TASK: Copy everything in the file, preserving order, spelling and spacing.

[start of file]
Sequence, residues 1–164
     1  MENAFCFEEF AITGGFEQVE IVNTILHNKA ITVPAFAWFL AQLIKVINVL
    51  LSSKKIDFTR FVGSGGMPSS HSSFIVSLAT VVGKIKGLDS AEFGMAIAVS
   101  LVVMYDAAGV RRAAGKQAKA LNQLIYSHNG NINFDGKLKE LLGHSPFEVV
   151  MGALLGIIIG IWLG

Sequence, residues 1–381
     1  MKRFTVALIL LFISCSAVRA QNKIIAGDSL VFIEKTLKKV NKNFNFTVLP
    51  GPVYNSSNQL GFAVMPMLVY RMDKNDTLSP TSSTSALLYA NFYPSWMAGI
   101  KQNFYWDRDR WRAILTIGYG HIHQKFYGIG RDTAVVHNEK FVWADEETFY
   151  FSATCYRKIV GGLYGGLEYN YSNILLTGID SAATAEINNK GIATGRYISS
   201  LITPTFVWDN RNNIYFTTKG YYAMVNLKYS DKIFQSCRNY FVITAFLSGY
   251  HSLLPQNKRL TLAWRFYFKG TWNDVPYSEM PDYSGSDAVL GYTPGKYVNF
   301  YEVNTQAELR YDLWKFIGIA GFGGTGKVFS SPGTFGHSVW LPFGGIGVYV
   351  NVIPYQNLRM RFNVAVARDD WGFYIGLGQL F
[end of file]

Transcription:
Sequence, residues 1–164
     1  MENAFCFEEF AITGGFEQVE IVNTILHNKA ITVPAFAWFL AQLIKVINVL
    51  LSSKKIDFTR FVGSGGMPSS HSSFIVSLAT VVGKIKGLDS AEFGMAIAVS
   101  LVVMYDAAGV RRAAGKQAKA LNQLIYSHNG NINFDGKLKE LLGHSPFEVV
   151  MGALLGIIIG IWLG

Sequence, residues 1–381
     1  MKRFTVALIL LFISCSAVRA QNKIIAGDSL VFIEKTLKKV NKNFNFTVLP
    51  GPVYNSSNQL GFAVMPMLVY RMDKNDTLSP TSSTSALLYA NFYPSWMAGI
   101  KQNFYWDRDR WRAILTIGYG HIHQKFYGIG RDTAVVHNEK FVWADEETFY
   151  FSATCYRKIV GGLYGGLEYN YSNILLTGID SAATAEINNK GIATGRYISS
   201  LITPTFVWDN RNNIYFTTKG YYAMVNLKYS DKIFQSCRNY FVITAFLSGY
   251  HSLLPQNKRL TLAWRFYFKG TWNDVPYSEM PDYSGSDAVL GYTPGKYVNF
   301  YEVNTQAELR YDLWKFIGIA GFGGTGKVFS SPGTFGHSVW LPFGGIGVYV
   351  NVIPYQNLRM RFNVAVARDD WGFYIGLGQL F